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Simple Keys to the Rotational Technique

Wondering what you can do for a simple fix to any issues in your spin? Have a couple of technical breakdowns within the shot put rotational technique that you are confused by? You are struggling to find that groove and fix your technical errors? Check out the simple keys we focus on to keep the technique simple!


Before we dive into the keys around the rotational technique, let’s cover some very basic ideas and concepts that will enhance your comprehension of the shot put. For the purpose of this article, we will be referring to all parts of the body as though we are discussing a right-handed thrower. If you are coaching a left-handed thrower or you are a left-handed thrower, just flip the side of the body we are referring to.

The basic technical concept we focus on is based around a rotational movement with a grounded finish. Try to change the mindset and method that you use to think of the spin. Start to view and understand the spin as a side around side movement. In simple terms, the right leg will rotate around the left side out of the back, the left side will rotate around the right side in the middle and the right side will rotate around the left side on the finish!

When this simple concept is reinforced over and over again, the athlete can comprehend how to use BOTH sides of the body and every limb as a major contributor to the entire movement.

The Back

When referring to the back in the rotational shot put technique, we are discussing the starting position all the way to the long leg sweep to the center. The goal out of the back of the circle is to initiate the throw. Start with a basic and simple winding position, the left arm will get in line with the right leg and then open the left shoulder.

As the left shoulder opens long, out past the left leg, the left hip will begin to open. When the left hip and knee and foot open to 90 degrees, 70% of the weight of the body should be over the left side. This is the point when the right leg will be used to push force into the ground and lead to a wide right leg sweep. As the right leg picks up, the high point of the right foot will be very dependent upon the individual.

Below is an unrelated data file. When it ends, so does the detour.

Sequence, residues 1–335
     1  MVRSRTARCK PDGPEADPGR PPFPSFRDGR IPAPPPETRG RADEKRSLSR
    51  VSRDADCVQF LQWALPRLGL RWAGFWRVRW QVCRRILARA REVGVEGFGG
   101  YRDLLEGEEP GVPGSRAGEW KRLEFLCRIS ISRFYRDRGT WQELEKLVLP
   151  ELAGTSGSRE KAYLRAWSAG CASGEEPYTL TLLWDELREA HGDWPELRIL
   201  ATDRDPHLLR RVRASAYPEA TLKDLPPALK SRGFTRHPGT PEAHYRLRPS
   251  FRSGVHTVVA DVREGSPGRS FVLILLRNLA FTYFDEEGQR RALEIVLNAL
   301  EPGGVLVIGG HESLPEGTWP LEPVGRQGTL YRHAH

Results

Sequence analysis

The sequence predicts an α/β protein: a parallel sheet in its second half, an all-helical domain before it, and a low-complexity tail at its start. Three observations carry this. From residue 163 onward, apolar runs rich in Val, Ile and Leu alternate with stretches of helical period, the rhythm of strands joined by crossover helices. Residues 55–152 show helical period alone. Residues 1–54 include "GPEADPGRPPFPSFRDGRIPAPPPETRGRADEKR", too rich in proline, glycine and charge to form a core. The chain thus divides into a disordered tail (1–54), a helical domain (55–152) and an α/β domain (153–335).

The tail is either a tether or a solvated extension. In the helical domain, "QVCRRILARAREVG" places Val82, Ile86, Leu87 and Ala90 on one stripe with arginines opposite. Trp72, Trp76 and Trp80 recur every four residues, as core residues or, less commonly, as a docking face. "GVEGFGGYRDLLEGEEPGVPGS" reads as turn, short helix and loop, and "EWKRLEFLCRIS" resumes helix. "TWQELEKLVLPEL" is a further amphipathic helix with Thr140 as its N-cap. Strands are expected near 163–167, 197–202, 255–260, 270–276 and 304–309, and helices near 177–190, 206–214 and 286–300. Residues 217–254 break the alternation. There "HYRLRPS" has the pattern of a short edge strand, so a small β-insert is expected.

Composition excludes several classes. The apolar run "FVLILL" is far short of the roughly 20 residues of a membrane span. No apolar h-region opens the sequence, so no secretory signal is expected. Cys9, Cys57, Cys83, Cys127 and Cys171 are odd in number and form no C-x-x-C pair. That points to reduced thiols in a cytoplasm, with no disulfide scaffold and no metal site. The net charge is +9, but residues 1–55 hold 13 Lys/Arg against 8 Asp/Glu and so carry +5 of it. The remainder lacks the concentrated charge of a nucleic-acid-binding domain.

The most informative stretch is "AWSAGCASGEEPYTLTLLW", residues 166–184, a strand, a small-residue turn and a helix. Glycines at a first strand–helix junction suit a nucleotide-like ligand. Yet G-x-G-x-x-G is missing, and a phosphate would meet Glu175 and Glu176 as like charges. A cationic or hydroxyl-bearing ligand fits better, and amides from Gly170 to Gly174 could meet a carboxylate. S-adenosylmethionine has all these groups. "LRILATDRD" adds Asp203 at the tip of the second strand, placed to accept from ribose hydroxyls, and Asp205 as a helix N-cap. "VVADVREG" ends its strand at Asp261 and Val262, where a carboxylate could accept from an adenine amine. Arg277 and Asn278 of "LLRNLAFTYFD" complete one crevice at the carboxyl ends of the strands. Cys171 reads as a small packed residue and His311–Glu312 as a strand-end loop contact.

The goal of the right side is to achieve a long sweep position with a dorsiflexed foot and a knee cap pointing to the sky. This lengthened position will help the groin get lengthened just prior to sweeping to the center of the circle! As the right leg sweeps past the left leg, the left leg will pick up and begin to sweep to the front and that is where we enter the middle of the circle!

The Middle

One concept that is NEVER discussed or taught is the concept of a secondary sweep leg. The secondary sweep leg is the left leg passing the right side in the middle. This secondary sweep leg becomes the primary mover through the middle of the circle. When thinking and analyzing technique from a side around side perspective, the left side becomes active while the right side holds.

When the right leg grounds, the right ANKLE must be stiff and the right knee must be flexed. Ideally, there will be a line from the foot to the knee to the chest while the left arm holds either across the body or toward the back of the circle. By holding strong trunk tension, a stiff ankle and a stiff knee, the right side sets up as a passive point of rotation. This rotation will be guided by the action of the left leg to the front. As the left leg sweeps to the front, the hip will begin to open just prior to grounding.

The Front

The final position of the throw is in the front of the circle. As the left leg is rotating to the front of the circle, the left arm is holding and the right side has massive tension in the shoulder. JUST PRIOR to the left leg grounding, the left arm opens long toward the sector, there is a massive stretch across the chest from the left arm into the right shoulder. The right knee and right ankle will hold tension and flexion into the concrete and when the left foot lands, the shot should still be behind the right hip.

When the left leg grounds, about 70% of the weight will be on the right foot and 30% will be on the left foot. As the left side opens and the right side starts to rotate forward, the percentage will shift where 70-80% of the load will go into the left foot.

The goal is to keep the right side grounded as long as possible while the left leg is semi-bent and the left foot is nearly flat. This creates a perfect point of deceleration as the right side accelerates rapidly. Remember that the side around side movement is key on the finish. The finish also needs to utilize the left arm, the right shoulder, the left leg as a point of deceleration, and a strong tension into a right leg for an optimal rotation!


By comprehending the throw from a side around side movement, the technique becomes easier to comprehend and the movement is triggered by ALL FOUR limbs in the throw. By using all four limbs to execute a throw, throwers become more coordinated and more precise in their movement. This ultimately leads to greater comprehension of technique and longer throws!


"Our aim is to provide concise and concrete education and training on the throws, helping coaches and athletes learn what they need to do to succeed and become champions."

- Dane and Trevor

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